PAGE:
Farming In Protected Landscapes (FiPL)

In this blog, Elliot Hutt, Rural Adviser explores how members can benefit from FiPL

What is FiPL?

Farming in Protected Landscapes is a programme designed to fund one-off projects under the themes of climate, nature, people and place. It is also there to support sustainable farm businesses.

This is a programme open to all farmers and land managers who are operating in a protected landscape and have full management and control of land and activities included in their applications. Common land is also eligible and this can be considered for individual applications or by a group of commoners acting together.

Payment rates are dependent on whether the applicant is looking to make a commercial gain. Projects not looking to make a commercial gain could receive up to 100% of the costs. Where an applicant would benefit commercially could receive between 40% and 80% of the costs.

What can you apply for?

The Farming in Protected Landscapes Programme will pay for projects that, in the opinion of the selected Local Assessment Panel, provide value for money and meet at least one of the outcomes from the four themes below:

Climate – e.g. action to reduce carbon emissions on a farm; natural flood management; carbon sequestration; land management planning

Nature – e.g. improving connectivity between habitats; gathering data and evidence to inform conservation and farming practices

People – e.g. replacing stiles with gates on public footpaths, for easier access; helping more diverse audiences explore, enjoy and understand the landscape and farm businesses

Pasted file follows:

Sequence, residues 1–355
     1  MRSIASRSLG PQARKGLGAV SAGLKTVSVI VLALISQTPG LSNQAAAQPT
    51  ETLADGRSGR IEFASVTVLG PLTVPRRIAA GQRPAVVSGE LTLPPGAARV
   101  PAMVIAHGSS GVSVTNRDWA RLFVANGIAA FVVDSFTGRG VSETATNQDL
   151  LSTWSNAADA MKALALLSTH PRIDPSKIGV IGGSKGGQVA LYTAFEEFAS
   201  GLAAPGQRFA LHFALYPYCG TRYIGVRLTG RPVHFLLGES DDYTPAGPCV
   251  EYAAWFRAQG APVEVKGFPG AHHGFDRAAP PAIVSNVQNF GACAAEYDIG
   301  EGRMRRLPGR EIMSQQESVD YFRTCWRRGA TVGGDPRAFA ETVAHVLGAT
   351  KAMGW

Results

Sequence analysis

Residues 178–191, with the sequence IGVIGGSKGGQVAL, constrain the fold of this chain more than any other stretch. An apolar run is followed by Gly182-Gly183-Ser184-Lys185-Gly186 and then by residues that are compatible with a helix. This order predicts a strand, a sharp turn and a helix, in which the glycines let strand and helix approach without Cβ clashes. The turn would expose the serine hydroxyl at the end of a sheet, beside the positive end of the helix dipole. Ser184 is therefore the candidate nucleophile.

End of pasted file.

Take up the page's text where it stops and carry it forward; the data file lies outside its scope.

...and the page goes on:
Place – e.g. conserving historic features on a farm; supporting a locally branded sustainable food initiative that promotes links between the product and the landscape

Where in the south west can you apply for FiPL funding?

Why should members engage?

This programme is a very diverse and exciting scheme giving farmers and land owners lots of opportunities to aid nature recovery and mitigate climate change.

When submitting applications it would be advisable to liaise with your local authority on what is needed for a full application. There have been instances where partial applications have been submitted and this halts the process in a time sensitive situation. It would be worth noting that for an application to be accepted all aspects need to be present. For example, if the project involves planning then this will need to be granted prior to your application being accepted. This all needs to be taken into consideration when planning the timeline for your project from start to finish.

It is also worth noting that applications of £5000 or more will be assessed by a local assessment panel made up of individuals from various organisations such as the CLA, Natural England and other local specialists. Applications under this will be assessed normally by the Farming in Protected Landscapes manager however, this may differ for each local authority.

If anyone is looking for more information on this programme then please either contact CLA South West on 01249 700200 or contact your local authority directly following the hyperlinks above.